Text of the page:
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Ay-O: Dainichi Nyorai

Japan, Showa period, 1987

Price  DKK8500 / €1140 / $1200 / £970
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Colour silkscreen on paper, 74 × 60 cm (image size 56 × 43,5 cm), ed. 20/200, signed and dated in pencil Ay-O '87. Professionally framed in gilded wooden frame. Very fine condition.

 

Dainichi Nyorai (lit. "Great Sun") is worshipped as the supreme, primordial sun Buddha and also appears as the central figure of the five Dhyani Buddhas. Unlike the other Buddhas, Dainichi Nyorai is typically depicted in the form of a boddhisattva, with the garments, adornments, and long hair of the nobility of ancient India

 

Ay-O is the artist name of Takao Iijima, born 1931 in Ibaraki prefecture located at the Pacific coast of Honshu island. Ay-O has become famous in and outside of Japan as the "Rainbow Artist" for his use of colourful, rainbow-striped motifs in his artwork. In its purest form, some paintings are simple gradations of the rainbow, with up to 192 gradations.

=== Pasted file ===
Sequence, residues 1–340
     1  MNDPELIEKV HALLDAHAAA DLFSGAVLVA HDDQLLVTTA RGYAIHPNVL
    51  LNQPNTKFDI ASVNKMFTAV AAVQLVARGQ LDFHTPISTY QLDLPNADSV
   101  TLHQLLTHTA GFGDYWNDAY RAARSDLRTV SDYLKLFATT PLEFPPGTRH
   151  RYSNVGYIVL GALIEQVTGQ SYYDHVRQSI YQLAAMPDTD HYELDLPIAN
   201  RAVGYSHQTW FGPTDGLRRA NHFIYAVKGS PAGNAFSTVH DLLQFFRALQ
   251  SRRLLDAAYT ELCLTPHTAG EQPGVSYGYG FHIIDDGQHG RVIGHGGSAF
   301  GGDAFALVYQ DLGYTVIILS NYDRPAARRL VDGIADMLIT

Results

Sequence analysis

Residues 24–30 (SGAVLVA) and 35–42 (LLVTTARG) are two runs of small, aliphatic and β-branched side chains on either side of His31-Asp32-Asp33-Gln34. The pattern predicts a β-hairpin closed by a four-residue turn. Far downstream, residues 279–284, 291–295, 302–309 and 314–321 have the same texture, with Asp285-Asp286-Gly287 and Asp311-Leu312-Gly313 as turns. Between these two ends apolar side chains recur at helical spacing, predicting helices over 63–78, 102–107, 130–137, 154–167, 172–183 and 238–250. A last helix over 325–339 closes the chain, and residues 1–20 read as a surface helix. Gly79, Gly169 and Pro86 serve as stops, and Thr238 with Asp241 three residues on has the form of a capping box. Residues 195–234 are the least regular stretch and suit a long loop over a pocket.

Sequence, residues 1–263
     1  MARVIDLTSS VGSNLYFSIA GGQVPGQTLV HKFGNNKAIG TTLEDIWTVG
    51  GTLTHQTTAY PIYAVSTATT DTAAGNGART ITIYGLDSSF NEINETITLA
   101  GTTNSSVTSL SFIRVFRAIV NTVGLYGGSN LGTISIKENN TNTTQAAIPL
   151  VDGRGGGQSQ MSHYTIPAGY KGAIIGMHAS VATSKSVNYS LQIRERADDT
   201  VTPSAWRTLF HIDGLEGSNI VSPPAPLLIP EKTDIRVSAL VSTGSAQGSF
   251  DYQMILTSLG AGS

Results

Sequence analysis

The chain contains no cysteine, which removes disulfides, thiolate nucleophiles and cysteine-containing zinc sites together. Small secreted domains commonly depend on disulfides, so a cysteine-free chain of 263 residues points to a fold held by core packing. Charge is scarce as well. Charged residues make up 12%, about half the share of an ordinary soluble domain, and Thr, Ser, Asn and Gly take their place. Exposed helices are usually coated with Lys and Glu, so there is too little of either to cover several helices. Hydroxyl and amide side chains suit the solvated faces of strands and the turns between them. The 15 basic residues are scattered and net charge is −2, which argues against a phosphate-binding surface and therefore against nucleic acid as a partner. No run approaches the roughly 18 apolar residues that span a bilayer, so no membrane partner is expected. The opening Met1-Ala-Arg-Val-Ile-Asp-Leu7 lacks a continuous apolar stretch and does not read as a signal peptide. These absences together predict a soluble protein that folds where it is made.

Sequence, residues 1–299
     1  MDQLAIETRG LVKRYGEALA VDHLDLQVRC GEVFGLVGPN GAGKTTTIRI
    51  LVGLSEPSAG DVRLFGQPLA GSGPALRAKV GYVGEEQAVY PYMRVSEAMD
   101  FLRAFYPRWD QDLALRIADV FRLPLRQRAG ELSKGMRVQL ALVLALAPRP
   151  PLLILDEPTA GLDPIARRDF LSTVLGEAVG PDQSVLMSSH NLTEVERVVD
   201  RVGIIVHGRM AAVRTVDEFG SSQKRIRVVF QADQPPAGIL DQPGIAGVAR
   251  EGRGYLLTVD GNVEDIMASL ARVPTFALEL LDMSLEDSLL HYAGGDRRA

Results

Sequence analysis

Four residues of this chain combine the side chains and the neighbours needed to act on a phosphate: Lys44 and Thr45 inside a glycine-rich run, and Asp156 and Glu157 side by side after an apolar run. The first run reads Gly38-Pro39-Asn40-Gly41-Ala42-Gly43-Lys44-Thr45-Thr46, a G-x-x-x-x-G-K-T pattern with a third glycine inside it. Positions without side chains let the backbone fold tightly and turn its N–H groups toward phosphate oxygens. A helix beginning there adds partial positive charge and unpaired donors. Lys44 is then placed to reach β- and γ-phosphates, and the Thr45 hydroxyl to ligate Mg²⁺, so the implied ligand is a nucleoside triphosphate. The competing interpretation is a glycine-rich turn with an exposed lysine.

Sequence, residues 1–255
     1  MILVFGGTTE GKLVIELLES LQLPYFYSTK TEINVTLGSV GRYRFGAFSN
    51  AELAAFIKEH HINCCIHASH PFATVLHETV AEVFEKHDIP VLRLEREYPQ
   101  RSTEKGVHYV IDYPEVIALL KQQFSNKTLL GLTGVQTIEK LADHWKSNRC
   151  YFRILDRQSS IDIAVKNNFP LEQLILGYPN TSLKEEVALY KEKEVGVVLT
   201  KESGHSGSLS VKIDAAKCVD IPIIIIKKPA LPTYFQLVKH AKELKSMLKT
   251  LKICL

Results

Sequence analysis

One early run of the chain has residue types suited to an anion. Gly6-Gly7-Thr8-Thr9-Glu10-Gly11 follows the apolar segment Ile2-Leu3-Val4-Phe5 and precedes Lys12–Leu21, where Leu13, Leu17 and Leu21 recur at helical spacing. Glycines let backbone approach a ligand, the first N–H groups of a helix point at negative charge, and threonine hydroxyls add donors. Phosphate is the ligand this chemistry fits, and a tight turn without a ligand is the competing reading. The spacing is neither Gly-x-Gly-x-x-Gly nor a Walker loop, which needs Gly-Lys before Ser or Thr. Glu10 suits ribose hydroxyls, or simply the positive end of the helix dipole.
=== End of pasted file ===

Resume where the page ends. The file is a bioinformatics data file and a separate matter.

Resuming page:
Ay-O was fascinated by the colours of the rainbow and the depiction of subjects in spectral colours. For him it was a way to combine modern art with the traditional Japanese view of nature. Often he took typical subjects of traditional ukiyo-e and transformed them into his own language of cubistic compositions and colour separations. 

 

In 1958 Ay-O relocated to New York with a strong admiration for Jackson Pollock and Michel Duchamp at heart. He became a founding member of the so-called Fluxus Movement and has established a reputation in the avant-gardes of Japan, Europe and the United States. In 1966 Ay-O represented Japan at the International biennale in Venice. Travels to Europe and India followed.

    Works by Ay-O are to be found in the collections of The British Museum, MoMA, Tokyo National Museum of Modern Art, and Cincinnati Art Museum among others. In 2006 and 2010 two retrospective exhibitions spanning over fifty years of his creation of ‘rainbows’ were put on in Japan. 

 

"There is no doubt that one of the true aims of art is humor..." - Ay-O